Jordana Deveau was three years old when she started dancing. Now, she’s made an entire career out of it, co-founding a Toronto dance collective named JDdance. But for Deveau, the steps in between those first toddler dance moves and her current career weren’t as obvious.
“The truth is, I was set out on a very different path, and I kind of stumbled my way back into dancing,” she says.
Deveau had been dancing with the Canadian Contemporary Dance Theatre (then the Canadian Children’s Dance Theatre, CCDT) all throughout her elementary and high school years at Toronto French School. However, when deciding where to go after high school, she looked at more academic routes.
“I was really driven academically, so my first year [at the University of British Columbia] I sort of took one of everything,” Deveau says. “I took theatre and earth sciences and biology and anthropology, and it was really the first time in my whole life that I wasn’t dancing.”
But that quickly changed after her first year. She joined an on-campus dance club and started choreographing and teaching again.
When she returned to Toronto, Deveau reconnected with the CCDT and was hired as a guest artist, then rehearsal director, then associate artistic director.
“It’s really hard for me to separate my identity as anything other than a dancer. That’s just something I have always been,” Deveau says. “Every part of myself goes into who I am as an artist. My interest in the environment and my interest in human rights and culture and politics, you know, all of these things inform my work.”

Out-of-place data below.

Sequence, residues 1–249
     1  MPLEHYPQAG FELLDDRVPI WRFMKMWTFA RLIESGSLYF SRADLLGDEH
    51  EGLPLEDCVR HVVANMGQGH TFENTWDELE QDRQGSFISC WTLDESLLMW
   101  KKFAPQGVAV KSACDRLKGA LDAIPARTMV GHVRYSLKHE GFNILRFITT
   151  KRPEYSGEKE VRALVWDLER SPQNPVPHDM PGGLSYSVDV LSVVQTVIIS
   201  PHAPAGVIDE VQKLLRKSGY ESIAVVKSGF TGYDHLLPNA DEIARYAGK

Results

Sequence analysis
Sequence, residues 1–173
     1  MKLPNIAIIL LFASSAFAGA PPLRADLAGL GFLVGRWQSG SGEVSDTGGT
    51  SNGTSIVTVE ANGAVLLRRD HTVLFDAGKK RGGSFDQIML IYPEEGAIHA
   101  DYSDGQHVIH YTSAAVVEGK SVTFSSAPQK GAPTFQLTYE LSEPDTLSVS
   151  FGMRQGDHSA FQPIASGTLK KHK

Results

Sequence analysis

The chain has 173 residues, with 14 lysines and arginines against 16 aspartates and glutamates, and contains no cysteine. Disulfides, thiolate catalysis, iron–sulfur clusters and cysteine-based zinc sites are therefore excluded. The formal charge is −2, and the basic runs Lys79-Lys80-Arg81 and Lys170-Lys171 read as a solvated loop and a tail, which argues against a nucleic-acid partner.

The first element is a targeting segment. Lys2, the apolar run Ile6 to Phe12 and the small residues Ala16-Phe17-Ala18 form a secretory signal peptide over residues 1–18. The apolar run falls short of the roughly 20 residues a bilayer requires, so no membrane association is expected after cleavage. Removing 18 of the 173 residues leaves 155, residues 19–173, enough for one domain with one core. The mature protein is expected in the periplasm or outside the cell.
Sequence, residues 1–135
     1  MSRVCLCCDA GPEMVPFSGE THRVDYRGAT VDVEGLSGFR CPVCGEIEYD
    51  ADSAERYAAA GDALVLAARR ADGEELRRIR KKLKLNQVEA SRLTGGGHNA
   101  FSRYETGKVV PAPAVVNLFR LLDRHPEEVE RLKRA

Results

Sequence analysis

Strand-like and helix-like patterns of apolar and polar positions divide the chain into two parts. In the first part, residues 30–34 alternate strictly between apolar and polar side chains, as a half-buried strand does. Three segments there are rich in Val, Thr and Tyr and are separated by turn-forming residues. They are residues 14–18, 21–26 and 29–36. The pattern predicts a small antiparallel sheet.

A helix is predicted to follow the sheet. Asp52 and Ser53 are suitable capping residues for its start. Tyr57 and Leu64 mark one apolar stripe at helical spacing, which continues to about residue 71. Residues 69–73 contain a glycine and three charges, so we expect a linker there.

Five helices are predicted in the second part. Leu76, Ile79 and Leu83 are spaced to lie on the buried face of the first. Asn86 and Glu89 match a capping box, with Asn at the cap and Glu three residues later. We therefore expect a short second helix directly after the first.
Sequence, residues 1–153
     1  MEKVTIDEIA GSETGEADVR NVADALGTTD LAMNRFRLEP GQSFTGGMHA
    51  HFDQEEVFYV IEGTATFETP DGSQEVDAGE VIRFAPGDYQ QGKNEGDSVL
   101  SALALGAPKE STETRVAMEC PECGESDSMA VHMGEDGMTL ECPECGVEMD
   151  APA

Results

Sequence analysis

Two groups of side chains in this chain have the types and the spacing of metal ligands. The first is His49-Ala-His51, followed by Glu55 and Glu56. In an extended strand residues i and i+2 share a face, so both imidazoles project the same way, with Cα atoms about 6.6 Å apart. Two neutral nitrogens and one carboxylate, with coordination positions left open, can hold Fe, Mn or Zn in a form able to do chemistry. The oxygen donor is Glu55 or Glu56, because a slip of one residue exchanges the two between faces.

She and JDdance co-founder Jesse Dell bonded over that desire to create grounded work, she says.
“Art provides this platform for people. It opens up a dialogue and creates a space where an idea can be explored and investigated in a different way,” says Deveau.
She and Dell started JDdance 10 years ago after working on a production together. In that time, JDdance’s first dance film was selected for the Dans Kamera Istanbul film festival and they were also invited to present at the Festival of Dance Annapolis Royal.
Deveau and Dell are currently preparing for an upcoming production called In Absentia, choreographed by Sharon B. Moore. Deveau says the production has grown so much from the original concept.
The performance, focusing on themes of creation and destruction, is now incorporating an original score and costume design, puppetry, elaborate set elements, seven dancers, live action video and co-ordinated lighting.
The performance is presented by DanceWorks and takes place Nov. 21 to 23 at 8 p.m. at the Harbourfront Centre Theatre.
Deveau says she is drawn back to dance and creating performances like this one because it feels honest.
“It’s a way of interacting with and understanding the world around me and other human beings,” she says.